the purge

In the last few years, I’ve gained a sig­nif­i­cant amount of con­fi­dence in my actions and deci­sions, espe­cial­ly when it comes to rela­tion­ships. It took a lot of grow­ing, and two things helped most:

  1. hav­ing a bet­ter under­stand­ing of oth­er peo­ple’s expe­ri­ences in gen­er­al (i.e. I need­ed to gain more empa­thy)
  2. sur­viv­ing enough crises that con­flicts or dif­fi­cult con­ver­sa­tions — or even my own feel­ings — were no longer debil­i­tat­ing­ly scary

Even though I’m more com­fort­able with my social behav­iour, I still strug­gle with lone­li­ness. Being more social­ly capa­ble means I can pur­sue rela­tion­ships more pur­pose­ful­ly and with­out regrets; it does­n’t mean my world is imme­di­ate­ly filled with lov­ing, stim­u­lat­ing peo­ple and needs are sud­den­ly being met.

As a per­son who tries to be the archi­tect of his world, I’ve always done my best to exer­cise con­trol over my time. That includes the time I spend with peo­ple, which means I tend to be the one to make plans. As a result, I rarely notice when oth­ers don’t make a com­pa­ra­ble effort, or any effort at all.

It’s been years since I’ve seen some “friends” who were once very impor­tant to me. After a cer­tain amount of time, it becomes obvi­ous that I’m not a pri­or­i­ty to them when I’m the one per­form­ing all the emo­tion­al labour (not just the major­i­ty), and we nev­er do any­thing if I don’t ini­ti­ate.

I under­stand that not all rela­tion­ships need to be fair and equal in all aspects to work, but I’ve strug­gled with unre­quit­ed feel­ings long enough, and I’m at a point where I’m a lot more inter­est­ed in spend­ing time with peo­ple who also want to spend time with me. I’m tired of being the one to make all the effort when it costs so much to make space for peo­ple in my life. I’ve spent too many years in unful­fill­ing, dead-end rela­tion­ships, and I’d rather have more time to myself (or Heather) than pur­sue rela­tion­ships with peo­ple who aren’t on the same page1.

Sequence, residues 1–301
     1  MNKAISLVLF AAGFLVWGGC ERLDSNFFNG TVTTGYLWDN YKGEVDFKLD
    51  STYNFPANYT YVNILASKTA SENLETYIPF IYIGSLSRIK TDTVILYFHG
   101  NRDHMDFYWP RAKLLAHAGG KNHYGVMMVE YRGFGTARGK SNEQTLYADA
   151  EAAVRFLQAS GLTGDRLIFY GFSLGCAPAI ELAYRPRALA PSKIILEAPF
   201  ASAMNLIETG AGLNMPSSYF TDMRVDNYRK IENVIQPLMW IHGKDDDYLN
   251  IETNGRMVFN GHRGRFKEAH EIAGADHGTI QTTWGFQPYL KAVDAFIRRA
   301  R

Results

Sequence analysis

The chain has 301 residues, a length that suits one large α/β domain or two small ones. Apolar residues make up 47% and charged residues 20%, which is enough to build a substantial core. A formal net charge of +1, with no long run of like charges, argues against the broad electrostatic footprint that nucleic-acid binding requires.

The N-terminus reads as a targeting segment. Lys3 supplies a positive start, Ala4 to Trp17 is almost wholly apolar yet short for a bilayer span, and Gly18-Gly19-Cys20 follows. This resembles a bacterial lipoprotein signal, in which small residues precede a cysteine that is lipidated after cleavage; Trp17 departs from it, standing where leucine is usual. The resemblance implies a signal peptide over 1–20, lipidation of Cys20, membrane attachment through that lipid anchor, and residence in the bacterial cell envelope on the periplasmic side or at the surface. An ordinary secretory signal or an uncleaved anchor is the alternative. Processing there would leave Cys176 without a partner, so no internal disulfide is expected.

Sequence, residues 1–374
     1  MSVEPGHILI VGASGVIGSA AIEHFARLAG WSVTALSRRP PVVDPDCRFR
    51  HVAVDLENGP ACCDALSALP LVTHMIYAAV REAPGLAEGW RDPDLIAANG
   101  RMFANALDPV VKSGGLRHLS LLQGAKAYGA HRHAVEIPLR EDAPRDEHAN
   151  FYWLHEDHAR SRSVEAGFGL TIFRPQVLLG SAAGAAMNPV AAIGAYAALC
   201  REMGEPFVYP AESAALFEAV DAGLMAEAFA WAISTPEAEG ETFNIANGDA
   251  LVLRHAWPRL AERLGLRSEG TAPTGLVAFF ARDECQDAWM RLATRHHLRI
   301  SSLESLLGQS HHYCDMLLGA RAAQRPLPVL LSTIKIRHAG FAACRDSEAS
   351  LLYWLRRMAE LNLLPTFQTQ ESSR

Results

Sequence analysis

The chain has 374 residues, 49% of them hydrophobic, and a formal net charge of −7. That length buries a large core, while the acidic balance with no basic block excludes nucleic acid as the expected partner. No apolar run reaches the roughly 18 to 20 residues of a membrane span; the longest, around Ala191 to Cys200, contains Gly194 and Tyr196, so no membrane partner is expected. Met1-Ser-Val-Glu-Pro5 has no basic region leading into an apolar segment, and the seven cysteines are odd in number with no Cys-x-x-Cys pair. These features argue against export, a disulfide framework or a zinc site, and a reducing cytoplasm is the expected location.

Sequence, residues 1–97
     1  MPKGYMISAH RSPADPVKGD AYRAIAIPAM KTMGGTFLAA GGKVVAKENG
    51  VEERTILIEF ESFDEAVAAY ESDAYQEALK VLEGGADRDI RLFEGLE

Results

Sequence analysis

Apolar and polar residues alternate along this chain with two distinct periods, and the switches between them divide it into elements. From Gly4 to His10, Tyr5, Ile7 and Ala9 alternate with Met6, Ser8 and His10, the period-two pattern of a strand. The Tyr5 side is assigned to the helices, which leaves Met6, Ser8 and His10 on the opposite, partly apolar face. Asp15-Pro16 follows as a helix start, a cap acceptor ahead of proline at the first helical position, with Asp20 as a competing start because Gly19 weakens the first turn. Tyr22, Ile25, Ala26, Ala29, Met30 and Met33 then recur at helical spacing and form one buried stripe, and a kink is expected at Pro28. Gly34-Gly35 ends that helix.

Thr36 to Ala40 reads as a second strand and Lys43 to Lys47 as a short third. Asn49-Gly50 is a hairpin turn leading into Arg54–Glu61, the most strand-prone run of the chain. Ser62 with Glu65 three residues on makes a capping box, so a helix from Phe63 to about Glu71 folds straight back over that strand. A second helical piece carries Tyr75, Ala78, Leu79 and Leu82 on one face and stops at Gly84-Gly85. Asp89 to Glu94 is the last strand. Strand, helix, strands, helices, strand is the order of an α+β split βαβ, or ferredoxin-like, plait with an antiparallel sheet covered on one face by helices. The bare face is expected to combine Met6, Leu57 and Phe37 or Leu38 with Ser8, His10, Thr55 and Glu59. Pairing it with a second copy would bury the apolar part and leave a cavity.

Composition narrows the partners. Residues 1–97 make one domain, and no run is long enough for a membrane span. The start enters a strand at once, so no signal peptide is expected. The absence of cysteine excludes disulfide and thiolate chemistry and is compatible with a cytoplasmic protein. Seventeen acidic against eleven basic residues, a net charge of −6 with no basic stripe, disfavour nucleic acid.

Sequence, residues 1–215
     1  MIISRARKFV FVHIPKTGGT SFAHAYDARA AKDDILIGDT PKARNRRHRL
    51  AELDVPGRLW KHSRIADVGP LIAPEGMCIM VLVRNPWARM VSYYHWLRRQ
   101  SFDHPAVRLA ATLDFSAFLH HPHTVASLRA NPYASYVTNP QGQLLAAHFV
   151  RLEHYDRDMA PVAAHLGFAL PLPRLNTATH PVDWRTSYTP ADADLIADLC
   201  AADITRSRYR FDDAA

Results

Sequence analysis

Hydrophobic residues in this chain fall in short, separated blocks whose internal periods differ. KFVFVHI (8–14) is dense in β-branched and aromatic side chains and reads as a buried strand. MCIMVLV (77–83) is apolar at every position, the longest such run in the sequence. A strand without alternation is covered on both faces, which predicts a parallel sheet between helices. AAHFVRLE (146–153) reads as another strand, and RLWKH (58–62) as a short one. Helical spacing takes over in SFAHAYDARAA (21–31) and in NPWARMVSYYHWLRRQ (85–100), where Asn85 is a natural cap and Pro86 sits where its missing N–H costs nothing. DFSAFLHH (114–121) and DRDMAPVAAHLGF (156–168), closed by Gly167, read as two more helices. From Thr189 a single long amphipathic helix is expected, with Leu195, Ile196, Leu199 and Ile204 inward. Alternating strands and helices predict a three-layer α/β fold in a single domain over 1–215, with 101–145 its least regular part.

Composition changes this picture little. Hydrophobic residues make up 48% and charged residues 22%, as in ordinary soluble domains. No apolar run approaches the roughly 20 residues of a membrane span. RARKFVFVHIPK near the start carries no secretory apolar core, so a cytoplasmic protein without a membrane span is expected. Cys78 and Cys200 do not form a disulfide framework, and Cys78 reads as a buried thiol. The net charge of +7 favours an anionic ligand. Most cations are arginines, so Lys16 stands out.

Still, it’s a painful and reluc­tant step on my part. Loyalty is in my nature. I’ve always been one to do every­thing in my pow­er to pre­vent any rela­tion­ships from falling apart. Reducing my effort is the last step I want to be tak­ing, but I know I’ll be bet­ter off if I put my ener­gy, time, and expec­ta­tions in the peo­ple who appre­ci­ate these things, even if I’ve yet to meet them.

  1. Being roman­ti­cal­ly sin­gle, yet suf­fer­ing lone­li­ness for so many years, was a sim­i­lar­ly con­scious choice, as I did­n’t want to end up in a rela­tion­ship with a per­son who was ulti­mate­ly wrong for me when the right per­son came along. I cer­tain­ly was­n’t inter­est­ed in hurt­ing any­one (i.e. when an inevitable breakup hap­pens), just for the sake of get­ting cer­tain needs met, and this approach has served me well so far. []

One comment

  1. Empathy, and rec­og­niz­ing that rela­tion­ships are nev­er equal help us main­tain our emo­tion­al sta­bil­i­ty. Interacting with peo­ple who are not on the same page helps us look at our­selves dif­fer­ent­ly, hence grow.

Leave a Reply